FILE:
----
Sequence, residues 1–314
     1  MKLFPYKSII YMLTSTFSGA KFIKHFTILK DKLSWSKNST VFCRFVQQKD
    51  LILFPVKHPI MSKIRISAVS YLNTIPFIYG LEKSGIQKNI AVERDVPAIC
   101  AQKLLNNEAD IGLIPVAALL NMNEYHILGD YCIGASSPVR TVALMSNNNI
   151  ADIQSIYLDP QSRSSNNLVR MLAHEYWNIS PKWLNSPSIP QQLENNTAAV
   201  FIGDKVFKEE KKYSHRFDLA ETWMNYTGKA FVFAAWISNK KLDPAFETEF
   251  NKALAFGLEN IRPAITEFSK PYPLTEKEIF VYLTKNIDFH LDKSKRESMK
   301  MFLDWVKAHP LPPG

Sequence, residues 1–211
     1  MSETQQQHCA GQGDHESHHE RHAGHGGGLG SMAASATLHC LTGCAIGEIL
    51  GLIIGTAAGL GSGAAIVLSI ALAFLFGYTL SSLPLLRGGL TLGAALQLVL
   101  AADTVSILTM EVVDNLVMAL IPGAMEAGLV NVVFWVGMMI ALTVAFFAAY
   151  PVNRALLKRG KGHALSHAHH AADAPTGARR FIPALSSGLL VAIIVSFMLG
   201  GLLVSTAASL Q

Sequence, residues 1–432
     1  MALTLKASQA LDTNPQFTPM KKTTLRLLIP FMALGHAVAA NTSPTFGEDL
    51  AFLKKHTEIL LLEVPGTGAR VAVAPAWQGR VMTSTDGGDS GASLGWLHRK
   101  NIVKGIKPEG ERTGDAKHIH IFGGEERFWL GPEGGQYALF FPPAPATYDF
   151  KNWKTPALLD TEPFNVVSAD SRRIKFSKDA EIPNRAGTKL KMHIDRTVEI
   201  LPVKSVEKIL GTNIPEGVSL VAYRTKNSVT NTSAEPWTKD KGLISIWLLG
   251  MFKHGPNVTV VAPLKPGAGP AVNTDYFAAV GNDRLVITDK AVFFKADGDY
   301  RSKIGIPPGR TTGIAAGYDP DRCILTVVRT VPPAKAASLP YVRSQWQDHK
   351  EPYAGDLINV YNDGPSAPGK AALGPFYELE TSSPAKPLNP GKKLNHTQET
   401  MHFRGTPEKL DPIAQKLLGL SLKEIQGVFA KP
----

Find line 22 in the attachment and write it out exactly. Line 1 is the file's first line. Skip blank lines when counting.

   301  RSKIGIPPGR TTGIAAGYDP DRCILTVVRT VPPAKAASLP YVRSQWQDHK